First Time Eating Sturgeon Roe

A couple weeks ago I got a nice surprise in the mail when I received a check from my real estate lawyer. The price they quoted me to do the farmland transaction last year was too much and there was apparently a balance left in my account which they’ve returned to me. I thought the invoice they billed me for earlier included the final fees, but I suppose that was just an estimate? Anyway, I’ve heard lawyers are greedy, but these guys seem to be pretty honest 😀 The amount isn’t a whole lot, but it’s enough to treat myself to something nice. I love seafood 🙂 and living in Vancouver, I’ve had my fair share of it 😀 But one item I haven’t had yet was sturgeon roe.

first time eating caviar

first time eating caviar

A sturgeon is a type of fish and roe is a fancy name for fish eggs. There are 26 species of sturgeons in the world, but only 3 live in the Caspian sea, and it’s the roes from these particular sturgeons that have been the historical sources for fine Caspian caviar. And that is what I decided to spend my newly discovered money on. Sturgeon roe has been considered a source of great nutrients and has been known to maintain a woman’s beauty and provide stamina to men (if you know what I mean ;).) In ancient Rome it was regarded as such a delicacy that it was presented among garlands of flowers to only wealthy and powerful patricians (ie: aristocrats and noblemen.)  There are a number of places to find this highly prized roe, but in Vancouver if you want the freshest and best quality foods, there’s only one place to go :0)

first time eating caviar

Found a seafood store that sells sturgeon roe in the public market.

first time eating caviar, seafood city store

different sturgeons produce different caviarsThe largest of the 3 sturgeons swimming in the Caspian sea is the beluga, which can live for over 100 years and grow to become 2,000 pounds, or over 900 kg. That’s a pretty big fish eh (o_O) Its eggs are so special beluga caviar is sold for $8,000 to $12,000 per kilogram today. I could have bought this at the seafood store last week, but I decided it was too expensive, and opted for the much more affordable Asetra roe instead which is roughly only $4,000 per kilogram. In the end I only bought 30 grams of the stuff. The clerk was really friendly and even packaged the goods with ice cubes to keep it cool. I think by weight, this Asetra roe is probably the most expensive food I’ve ever bought. I think it’s worth it though, and the price of the caviar turned out to be the same as the rebate cheque I received so maybe it was meant to be 😉

caviar should be kept cool at all times

There are many different ways you can prepare caviar. If you want to keep it simple, all you need are some blinis or some other kind of good quality bread (cut into slices) and some Crème Fraîche which you can find beside the sour cream at your local specialty food store, or higher end grocery store. Give the bread a toast in the oven, plop on some crème fraîche and caviar, and then you are ready to eat like royalty \(^_^)/ 30 grams of roe makes about 10 to 12 of these canapés if you use the amounts I did (very bottom picture)

simple way to eat caviar

It tasted pretty good. Like rich fish eggs with a hint of sea salt. Not as crunchy as salmon roe, but more creamy, salty, and nutty. It was definitely a unique taste and I enjoyed it, but it was not a particularly memorable flavor at least for me. I’m not a big foodie, but I do think it’s okay to splurge on something gourmet once in awhile 😀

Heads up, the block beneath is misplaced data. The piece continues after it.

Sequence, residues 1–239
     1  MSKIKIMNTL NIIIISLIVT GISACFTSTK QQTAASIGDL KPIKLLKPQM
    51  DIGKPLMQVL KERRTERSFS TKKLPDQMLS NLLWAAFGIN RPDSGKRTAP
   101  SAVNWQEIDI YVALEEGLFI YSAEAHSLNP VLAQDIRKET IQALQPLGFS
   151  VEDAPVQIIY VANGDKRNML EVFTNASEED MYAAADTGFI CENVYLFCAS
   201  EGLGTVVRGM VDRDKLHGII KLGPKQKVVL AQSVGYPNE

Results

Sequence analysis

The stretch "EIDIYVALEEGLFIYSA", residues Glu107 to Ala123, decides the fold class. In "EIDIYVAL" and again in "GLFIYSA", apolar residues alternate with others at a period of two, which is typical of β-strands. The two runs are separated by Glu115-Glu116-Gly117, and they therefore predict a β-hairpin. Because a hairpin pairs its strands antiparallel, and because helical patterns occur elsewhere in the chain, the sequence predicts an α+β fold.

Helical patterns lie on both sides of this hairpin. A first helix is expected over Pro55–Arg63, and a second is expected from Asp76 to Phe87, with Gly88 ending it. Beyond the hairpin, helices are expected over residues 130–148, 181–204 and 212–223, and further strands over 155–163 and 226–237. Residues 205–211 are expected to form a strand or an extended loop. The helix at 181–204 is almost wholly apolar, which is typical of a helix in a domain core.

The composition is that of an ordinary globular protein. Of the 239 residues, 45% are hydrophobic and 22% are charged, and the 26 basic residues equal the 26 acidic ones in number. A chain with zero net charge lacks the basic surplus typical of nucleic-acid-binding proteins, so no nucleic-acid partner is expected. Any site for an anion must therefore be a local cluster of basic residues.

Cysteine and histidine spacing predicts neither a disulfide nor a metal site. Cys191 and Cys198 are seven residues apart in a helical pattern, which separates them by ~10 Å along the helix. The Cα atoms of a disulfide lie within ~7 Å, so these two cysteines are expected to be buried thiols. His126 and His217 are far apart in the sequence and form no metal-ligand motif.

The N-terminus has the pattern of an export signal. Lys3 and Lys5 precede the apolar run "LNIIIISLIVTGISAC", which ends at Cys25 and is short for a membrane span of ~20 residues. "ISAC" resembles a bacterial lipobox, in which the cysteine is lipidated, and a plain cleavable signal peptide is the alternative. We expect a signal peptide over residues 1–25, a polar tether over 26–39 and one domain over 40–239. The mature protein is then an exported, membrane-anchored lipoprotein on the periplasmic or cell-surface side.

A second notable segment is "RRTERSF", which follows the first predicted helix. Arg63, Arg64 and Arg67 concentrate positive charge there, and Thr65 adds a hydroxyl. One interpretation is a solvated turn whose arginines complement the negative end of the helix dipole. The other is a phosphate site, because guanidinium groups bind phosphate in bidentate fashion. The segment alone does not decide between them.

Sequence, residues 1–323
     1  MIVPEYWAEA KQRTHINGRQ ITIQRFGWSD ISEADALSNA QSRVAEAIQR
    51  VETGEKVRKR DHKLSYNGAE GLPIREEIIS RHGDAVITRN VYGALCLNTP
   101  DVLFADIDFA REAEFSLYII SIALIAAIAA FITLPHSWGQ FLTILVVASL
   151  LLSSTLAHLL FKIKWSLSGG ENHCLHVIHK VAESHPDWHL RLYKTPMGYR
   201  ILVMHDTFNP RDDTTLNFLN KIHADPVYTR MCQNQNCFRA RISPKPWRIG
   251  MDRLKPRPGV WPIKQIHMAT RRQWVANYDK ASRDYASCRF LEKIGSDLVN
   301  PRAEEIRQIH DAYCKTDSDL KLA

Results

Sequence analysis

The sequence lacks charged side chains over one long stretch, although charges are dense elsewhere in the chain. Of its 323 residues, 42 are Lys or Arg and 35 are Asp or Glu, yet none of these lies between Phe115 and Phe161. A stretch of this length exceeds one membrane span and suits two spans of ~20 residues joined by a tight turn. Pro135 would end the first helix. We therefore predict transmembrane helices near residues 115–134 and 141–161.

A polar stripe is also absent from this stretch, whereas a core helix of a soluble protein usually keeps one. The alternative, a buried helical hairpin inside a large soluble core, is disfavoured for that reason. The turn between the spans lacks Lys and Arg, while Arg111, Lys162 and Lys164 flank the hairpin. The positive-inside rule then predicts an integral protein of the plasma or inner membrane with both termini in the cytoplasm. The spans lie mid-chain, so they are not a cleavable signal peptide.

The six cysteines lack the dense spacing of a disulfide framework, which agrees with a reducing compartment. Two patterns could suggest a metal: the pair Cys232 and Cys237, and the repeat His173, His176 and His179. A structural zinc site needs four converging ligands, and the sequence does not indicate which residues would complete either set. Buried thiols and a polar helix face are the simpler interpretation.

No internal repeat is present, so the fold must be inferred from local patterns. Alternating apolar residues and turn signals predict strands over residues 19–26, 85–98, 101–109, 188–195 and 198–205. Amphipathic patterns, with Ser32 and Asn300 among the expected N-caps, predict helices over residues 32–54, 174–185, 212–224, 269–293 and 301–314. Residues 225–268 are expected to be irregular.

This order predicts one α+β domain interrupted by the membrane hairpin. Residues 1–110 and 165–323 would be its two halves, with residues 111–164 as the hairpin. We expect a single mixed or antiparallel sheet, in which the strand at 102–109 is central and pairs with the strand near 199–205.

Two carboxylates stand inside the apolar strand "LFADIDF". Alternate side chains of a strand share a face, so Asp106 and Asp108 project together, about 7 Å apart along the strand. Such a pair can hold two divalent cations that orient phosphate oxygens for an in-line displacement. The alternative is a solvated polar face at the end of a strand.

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01/22/2013 4:56 am

Is there anything you do not fully research before you execute? And this statement coming from an Engineer… (*U*) Your blog is always so diverse and entertaining. Thanks!

01/22/2013 12:10 pm

I love caviar.

For more foodie things, if you haven’t had foie gras yet, I suggest you try it. On top of some freshly baked bread, and a bit of fleur de sel on top (for the crunch), it is one of the best things I’ve ever eaten.

Rob aka Captain and Mrs Slow
Rob aka Captain and Mrs Slow
01/22/2013 12:18 pm

Great story, that’s why Imkeep coming back

The Loonie Bin
The Loonie Bin
01/22/2013 7:45 pm

I’d prefer a nice juicy steak over old salty fish eggs anytime!!!

01/22/2013 10:20 pm

I agree with mochimac, try foie gras the next time! I had caviar in Russia and don’t remember it much more different than other fish eggs, not justifying the price anyway. But it was good. I’d have it raw to savor it to the fullest. Glad you enjoyed it!

07/05/2013 8:50 pm

Recommend you research how foie gras is produced before indulging. The flavour is certainly not worth the hype, and the ethics of its production are…questionable.

01/23/2013 9:38 am

Money well spent? 🙂

01/23/2013 1:13 pm

That looks so good.

01/23/2013 1:42 pm

I don’t think I’ve ever had caviar so perhaps I should try it! One for the bucket list I think!

Johnny ca$h
Johnny ca$h
01/23/2013 2:21 pm

We have some sturgeons in the St-Lawrence River downhere. Congrats on your little return cheque!

Frugal Portland (@FrugalPortland)

HA I am so amused that you used a plastic spoon when putting together caviar!

Gareth @ Investment Road to Freedom
Gareth @ Investment Road to Freedom
01/23/2013 5:23 pm

Always nice to get a check in the mail. Never tried fish eggs – more of a steak guy.

Zimmet Vein and Dermatology
Zimmet Vein and Dermatology
01/28/2013 12:16 am

I think, its very delicious. I had it last week in a restaurant and it was amazingly cooked. Tested very good as well.

Elle P.
Elle P.
01/28/2013 7:53 pm

My first caviar experience would probably be at a restaurant. I am too afraid to prepare the caviar wrong (as simple as the procedure may seem) and waste $124!